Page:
What a win!
Did you see that amazing comeback win, when the ASU Sun Devils overcame No. 1-ranked Kansas Jayhawks 80-76 last week?
You could feel the energy and excitement of those last three minutes. Wow, it was a high-charged, edge-of-the-seat experience to see everyone’s favorite team bring home the big win. The excitement, passion and energy got me thinking about a powerful idea we see in this week’s Torah portion of Va’eira.
But first, we need to address a question I was asked by an ASU student recently. The student and I were studying the Torah portion and he was wondering: What’s all this talk about Passover during winter break? Ten plagues in January?
Although we are a few months removed from Passover, this week’s Torah portion details the story of our ancestors’ slavery and the dawn of freedom from Egypt. The weekly Torah portions which are read each week in the synagogue begins anew from the start of Breishit — Genesis — each Simchat Torah. This week, we read Parshat Va’eira. So while we may be in January in the calendar year, the talk in the Torah portions of these weeks is all about the story of Passover.
There are a lot of fascinating ideas and lessons in this week’s Torah portion. I often put this question to students I bump into around campus: How can you live inspired by the Torah portion this week and apply the lessons in our daily lives?
The Alter Rebbe, the founder of Chabad and author of the Tanya, once exclaimed to his students: “We need to live with times.” His intention was that we must “live” with the week’s Torah portion by finding ways to relate it and implement its lessons in our lives.
The Torah portions we read this time of the year discuss the Exodus from Egypt. Every one of us has our own “Egypts,” our own limitations and boundaries that make us feel enslaved and not free. We need to consistently work to go out of our own personal Egypt, to get past our self-imposed limitations and boundaries that are not allowing us to be the best we can be.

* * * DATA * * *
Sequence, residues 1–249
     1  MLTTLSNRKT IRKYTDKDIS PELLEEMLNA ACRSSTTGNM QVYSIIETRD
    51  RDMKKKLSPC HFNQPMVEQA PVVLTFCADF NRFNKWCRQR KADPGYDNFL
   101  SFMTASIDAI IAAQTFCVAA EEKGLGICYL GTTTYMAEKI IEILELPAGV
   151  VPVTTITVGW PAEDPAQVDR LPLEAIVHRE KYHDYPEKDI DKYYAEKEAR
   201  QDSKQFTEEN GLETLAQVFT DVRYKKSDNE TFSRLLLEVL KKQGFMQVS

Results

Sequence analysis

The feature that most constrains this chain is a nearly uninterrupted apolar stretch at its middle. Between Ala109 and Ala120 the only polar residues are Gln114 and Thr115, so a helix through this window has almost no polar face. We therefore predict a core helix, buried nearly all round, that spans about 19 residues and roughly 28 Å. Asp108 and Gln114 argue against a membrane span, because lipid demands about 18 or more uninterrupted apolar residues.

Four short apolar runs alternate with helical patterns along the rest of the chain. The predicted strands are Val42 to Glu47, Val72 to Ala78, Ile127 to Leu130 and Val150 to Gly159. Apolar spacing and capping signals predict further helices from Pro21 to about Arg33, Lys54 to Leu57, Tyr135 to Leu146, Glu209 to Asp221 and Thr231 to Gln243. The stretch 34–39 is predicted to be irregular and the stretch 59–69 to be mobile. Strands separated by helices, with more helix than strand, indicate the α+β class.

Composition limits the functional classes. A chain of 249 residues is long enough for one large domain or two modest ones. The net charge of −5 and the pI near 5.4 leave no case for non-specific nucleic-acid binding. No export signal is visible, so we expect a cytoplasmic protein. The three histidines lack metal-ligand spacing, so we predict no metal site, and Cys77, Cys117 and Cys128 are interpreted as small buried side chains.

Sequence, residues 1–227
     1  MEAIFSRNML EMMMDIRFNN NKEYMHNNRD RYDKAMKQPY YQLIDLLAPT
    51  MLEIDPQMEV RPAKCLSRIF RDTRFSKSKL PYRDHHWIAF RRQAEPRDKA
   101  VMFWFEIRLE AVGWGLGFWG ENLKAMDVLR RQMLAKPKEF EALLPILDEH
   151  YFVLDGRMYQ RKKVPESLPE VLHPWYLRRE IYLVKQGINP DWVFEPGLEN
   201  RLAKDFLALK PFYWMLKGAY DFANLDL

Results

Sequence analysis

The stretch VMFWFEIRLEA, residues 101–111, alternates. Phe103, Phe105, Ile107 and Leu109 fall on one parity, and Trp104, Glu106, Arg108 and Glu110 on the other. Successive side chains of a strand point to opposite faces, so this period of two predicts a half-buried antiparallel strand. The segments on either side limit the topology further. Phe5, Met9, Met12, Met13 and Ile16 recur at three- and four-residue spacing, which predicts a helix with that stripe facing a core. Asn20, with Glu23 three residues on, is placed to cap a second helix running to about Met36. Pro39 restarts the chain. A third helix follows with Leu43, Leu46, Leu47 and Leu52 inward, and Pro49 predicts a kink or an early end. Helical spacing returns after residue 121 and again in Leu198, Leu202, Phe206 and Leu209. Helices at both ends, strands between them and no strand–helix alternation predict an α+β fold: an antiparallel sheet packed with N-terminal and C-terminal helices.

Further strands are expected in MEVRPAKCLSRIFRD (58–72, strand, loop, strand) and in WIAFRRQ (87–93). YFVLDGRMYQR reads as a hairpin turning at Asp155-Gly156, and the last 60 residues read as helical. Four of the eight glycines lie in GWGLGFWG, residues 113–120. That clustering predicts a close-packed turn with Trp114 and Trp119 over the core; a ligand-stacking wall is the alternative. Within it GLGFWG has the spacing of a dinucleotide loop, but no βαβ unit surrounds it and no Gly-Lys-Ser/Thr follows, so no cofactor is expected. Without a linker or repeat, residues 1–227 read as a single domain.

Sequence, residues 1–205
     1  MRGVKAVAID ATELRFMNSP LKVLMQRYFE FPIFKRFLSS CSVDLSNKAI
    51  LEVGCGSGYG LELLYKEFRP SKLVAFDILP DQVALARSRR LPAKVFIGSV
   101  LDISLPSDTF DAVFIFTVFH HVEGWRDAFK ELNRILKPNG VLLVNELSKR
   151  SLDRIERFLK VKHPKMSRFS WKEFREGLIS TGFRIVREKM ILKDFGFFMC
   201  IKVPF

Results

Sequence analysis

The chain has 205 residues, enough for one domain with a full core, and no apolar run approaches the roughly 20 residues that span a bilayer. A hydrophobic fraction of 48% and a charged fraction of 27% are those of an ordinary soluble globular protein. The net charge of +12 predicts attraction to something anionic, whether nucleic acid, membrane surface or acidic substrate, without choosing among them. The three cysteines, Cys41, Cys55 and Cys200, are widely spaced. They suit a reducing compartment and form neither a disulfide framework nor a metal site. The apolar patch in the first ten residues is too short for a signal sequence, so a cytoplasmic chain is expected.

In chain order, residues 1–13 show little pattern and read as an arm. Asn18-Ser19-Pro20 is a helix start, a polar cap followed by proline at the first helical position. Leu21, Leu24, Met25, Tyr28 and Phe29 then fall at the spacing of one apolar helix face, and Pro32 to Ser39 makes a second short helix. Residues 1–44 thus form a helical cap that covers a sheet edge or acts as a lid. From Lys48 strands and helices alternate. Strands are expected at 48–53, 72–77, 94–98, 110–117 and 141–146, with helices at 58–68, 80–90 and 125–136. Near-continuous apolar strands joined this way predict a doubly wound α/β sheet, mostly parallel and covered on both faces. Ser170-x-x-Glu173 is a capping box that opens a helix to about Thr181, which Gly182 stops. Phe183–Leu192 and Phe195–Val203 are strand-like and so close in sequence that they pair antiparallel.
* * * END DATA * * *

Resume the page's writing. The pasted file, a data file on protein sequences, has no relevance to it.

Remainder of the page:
How can we do that? Let’s start by looking at the Torah portion.
One of the main themes in Parshat Va’eira is the first seven of the 10 plagues. There are lots of lessons we can learn from each of the plagues, and they each offer insight into what we need to do to break out of our personal spiritual Egypt.
Let’s focus on one idea this week.
Sometimes we feel stuck. We’re doing what we need to do. We’re going through the motions. We’re practicing Judaism, but we’re not feeling inspired about it. We’re not excited or passionate about it. We don’t feel it gives freedom, meaning and purpose when we’re doing it. What is the remedy for that?
The answer is in this week’s Torah portion. Let’s look at the first plague, the first step on the process of freedom from Egypt. The Lubavitcher Rebbe, the leader of Chabad, teaches a fascinating idea we can learn from the first plague.
G-d turned the waters of the Nile into blood. Water is cold, and in general, coldness is not considered positive or holy. Being cold to ideas and to good things leads to apathy and indifference. Blood, on the other hand, symbolizes vitality, excitement and passion. The Torah tells us that “the blood is the vitality” of a living thing. Blood is very connected to life. One of the differences between life and death is warmth and coldness, and if a body is totally cold, the person is no longer alive. Life equals warmth.
The lesson from the first plague of Dam, blood, is that we need be alive and warm to what truly matters. We need to have warmth, excitement and passion for our Yiddishkeit, our Judaism. Don’t just practice Judaism, jump into it with excitement and passion. Just like the excitement we saw in Sun Devils Arena after that big win.
You may ask: “What’s the problem if a person is cold towards Judaism? The main thing is whether he or she does it or not, not what his or her feelings are!” The answer is that when we do things with excitement and passion, it’s sustainable, we continue doing it, and we grow with it. It’s ALIVE!
So my dear friends, the lesson I share with you that we learn from waters of the Nile turning to blood — and the antidote to feeling stuck and uninspired in our Judaism — is the importance of warmth and enthusiasm for Yiddishkeit. We need to not just do Judaism, we need to do it with life, joy, warmth, excitement and great energy. JN
Rabbi Shmuel Tiechtel is the director of Chabad at ASU.